In light of 2016’s many significant events, you may not have noticed that it was the “Year of the Cosmos”. But noticed or unnoticed, Fleuroselect, the Netherlands-based horticulture trade group, decreed that last year, cosmos were the brightest stars in the horticultural heavens.
It may be a coincidence, or not, but at the same time, Britain’s Royal Horticultural Society undertook a massive trial of cosmos varieties at its botanical garden at Wisley. Photos of the trial beds show scores of tidy mounds of brightly colored flowers in a range of heights. The rising tide of cosmos popularity was so significant that noted English garden writer, Graham Rice, wrote it all up in an article for the Telegraph newspaper.
Celebrities pay publicists a fortune to get that kind of press. Cosmos, knowing nothing of reality TV or the going rate for celebrity status, went right on blooming while the international spotlight focused on their colorful petals. Unlike many celebrities, they went viral while keeping their cool.
Gardeners who grow reliable annuals have been wild about cosmos for years. Vita Sackville-West, one of the doyennes of twentieth century garden writing, threw caution to the winds in her garden and grew ‘Orange Ruffles’, which she described as “three-foot tall, feathery of leaf, starry of flower, long lasting, and pretty enough in a mixed bunch to please even Mrs. Constance Spry.”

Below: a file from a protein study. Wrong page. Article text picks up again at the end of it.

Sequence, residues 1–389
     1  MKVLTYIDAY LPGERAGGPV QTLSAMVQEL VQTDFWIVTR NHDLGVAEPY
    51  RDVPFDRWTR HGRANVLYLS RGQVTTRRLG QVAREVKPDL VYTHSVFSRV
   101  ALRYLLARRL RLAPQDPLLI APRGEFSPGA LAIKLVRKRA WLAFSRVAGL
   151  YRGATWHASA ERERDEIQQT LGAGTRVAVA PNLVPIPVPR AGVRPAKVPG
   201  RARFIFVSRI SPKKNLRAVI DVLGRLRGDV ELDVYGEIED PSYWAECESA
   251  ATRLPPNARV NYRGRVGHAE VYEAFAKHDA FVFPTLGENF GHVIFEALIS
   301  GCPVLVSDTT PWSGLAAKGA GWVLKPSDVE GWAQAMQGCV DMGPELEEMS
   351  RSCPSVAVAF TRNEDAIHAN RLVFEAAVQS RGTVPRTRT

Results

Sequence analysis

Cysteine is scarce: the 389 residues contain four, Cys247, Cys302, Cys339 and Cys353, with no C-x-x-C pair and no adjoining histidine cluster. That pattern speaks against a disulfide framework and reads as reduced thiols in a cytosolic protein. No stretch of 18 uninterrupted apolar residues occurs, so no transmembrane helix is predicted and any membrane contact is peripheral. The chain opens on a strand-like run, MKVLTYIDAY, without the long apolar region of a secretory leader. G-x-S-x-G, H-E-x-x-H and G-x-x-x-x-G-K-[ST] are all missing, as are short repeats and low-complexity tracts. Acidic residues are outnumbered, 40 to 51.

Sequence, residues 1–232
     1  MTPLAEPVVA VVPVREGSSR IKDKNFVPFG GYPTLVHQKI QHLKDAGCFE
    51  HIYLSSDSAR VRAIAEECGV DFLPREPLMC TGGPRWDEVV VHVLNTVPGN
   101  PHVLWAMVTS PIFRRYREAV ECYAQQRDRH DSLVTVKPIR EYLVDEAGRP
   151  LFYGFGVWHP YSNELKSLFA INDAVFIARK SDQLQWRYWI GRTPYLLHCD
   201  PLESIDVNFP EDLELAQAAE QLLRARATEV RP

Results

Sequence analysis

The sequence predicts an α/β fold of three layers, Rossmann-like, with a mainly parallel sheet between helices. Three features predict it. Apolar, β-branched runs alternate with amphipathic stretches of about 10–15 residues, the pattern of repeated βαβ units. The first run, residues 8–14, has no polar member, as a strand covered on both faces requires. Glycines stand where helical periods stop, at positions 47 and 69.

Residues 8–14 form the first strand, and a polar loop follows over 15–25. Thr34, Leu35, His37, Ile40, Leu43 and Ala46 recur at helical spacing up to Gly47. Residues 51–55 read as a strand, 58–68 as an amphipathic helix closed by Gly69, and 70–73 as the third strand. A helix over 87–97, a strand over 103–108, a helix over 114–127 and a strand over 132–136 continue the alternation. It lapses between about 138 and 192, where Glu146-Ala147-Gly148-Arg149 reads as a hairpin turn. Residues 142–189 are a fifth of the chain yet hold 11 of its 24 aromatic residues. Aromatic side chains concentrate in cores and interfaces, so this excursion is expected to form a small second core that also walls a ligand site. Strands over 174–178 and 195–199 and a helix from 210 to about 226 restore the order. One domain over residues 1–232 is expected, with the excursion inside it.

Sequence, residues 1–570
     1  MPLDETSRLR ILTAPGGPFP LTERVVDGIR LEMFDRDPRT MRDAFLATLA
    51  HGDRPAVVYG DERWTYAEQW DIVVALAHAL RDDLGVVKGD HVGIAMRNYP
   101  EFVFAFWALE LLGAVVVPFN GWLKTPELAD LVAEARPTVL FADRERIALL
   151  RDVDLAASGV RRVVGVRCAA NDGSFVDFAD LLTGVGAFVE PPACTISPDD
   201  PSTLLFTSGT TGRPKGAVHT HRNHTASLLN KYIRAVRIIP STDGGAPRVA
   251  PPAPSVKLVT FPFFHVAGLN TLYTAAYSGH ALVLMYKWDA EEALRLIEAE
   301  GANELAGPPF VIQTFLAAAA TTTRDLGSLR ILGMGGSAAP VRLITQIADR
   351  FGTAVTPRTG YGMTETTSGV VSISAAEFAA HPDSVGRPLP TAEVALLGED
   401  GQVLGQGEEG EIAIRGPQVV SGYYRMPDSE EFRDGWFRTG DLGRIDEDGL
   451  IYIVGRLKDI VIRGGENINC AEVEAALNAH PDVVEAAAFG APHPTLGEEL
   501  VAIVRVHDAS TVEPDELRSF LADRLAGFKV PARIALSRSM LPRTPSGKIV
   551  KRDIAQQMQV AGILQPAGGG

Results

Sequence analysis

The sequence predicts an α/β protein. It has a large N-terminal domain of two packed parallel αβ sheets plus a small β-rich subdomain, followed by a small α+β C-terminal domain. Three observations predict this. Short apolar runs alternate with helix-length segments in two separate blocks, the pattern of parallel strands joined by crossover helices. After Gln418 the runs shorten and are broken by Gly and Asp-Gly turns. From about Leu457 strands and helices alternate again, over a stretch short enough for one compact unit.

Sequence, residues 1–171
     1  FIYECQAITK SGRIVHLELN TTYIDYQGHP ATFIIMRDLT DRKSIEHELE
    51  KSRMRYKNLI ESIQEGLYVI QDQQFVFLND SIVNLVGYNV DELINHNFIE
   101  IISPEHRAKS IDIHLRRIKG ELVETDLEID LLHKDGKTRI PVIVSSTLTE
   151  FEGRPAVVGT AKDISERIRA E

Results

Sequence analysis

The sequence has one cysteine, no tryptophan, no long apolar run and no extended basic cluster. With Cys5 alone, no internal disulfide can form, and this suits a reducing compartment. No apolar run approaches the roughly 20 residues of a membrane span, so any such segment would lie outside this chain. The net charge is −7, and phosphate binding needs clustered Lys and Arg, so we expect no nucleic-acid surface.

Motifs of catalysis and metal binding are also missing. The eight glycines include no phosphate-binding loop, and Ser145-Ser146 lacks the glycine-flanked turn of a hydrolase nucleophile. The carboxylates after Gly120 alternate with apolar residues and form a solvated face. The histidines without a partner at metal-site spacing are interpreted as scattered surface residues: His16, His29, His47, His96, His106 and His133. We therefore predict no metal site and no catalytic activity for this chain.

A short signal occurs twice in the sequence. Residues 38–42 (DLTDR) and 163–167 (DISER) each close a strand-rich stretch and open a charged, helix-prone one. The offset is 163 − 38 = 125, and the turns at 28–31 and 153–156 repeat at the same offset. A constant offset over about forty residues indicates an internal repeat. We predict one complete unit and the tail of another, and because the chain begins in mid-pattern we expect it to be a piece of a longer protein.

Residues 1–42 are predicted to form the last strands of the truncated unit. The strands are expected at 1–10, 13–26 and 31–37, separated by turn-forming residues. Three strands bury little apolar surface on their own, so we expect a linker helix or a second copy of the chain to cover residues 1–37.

Though English gardeners love them, cosmos are a New World species, originating in Mexico, Central and South America. Cosmos bipinnatus, an annual and one of the three species with descendants in commerce today, was introduced from Mexico about 1800. Supposedly Spanish priests grew them in the gardens of Mexican missions. The flowers’ daisy-like appearance attests to the species membership in the large and far-flung daisy or Compositae family.
Once cosmos hit the American and European markets in the early decades of the nineteenth century, their popularity grew. Seed vendors offered excellent bipinnatus strains like the aristocratic-sounding ‘Lady Lennox Pink’. But despite their alluring flowers, cosmos were not perfect. Nineteenth century varieties were late bloomers, taking months to go from seed to flower. Even “early-blooming” varieties needed sixty to seventy days to flower. Gardeners in areas with short growing seasons who could not start seeds indoors sometimes found themselves with beautiful plants that only bloomed for a month or so before early autumn frosts set in and killed them.
All of that changed in the 1930’s with the introduction of the ‘Sensation’ strain of cosmos that bloomed in only fifty-six days. The relatively short time from seed to flower meant that more people could enjoy more cosmos for longer periods of time. The ‘Sensation’ strain continues to be available today. Nearly concurrent with the arrival of ‘Sensation’, breeders developed double-flowered cosmos, which extended the available offerings and continue to be popular. More recently—2007 to be exact—another form appeared, this time with petals fused into a shape that made the flowers resemble cupcake papers. Dubbed ‘Cupcakes’, these plants are available in white, pale pink and deep rose.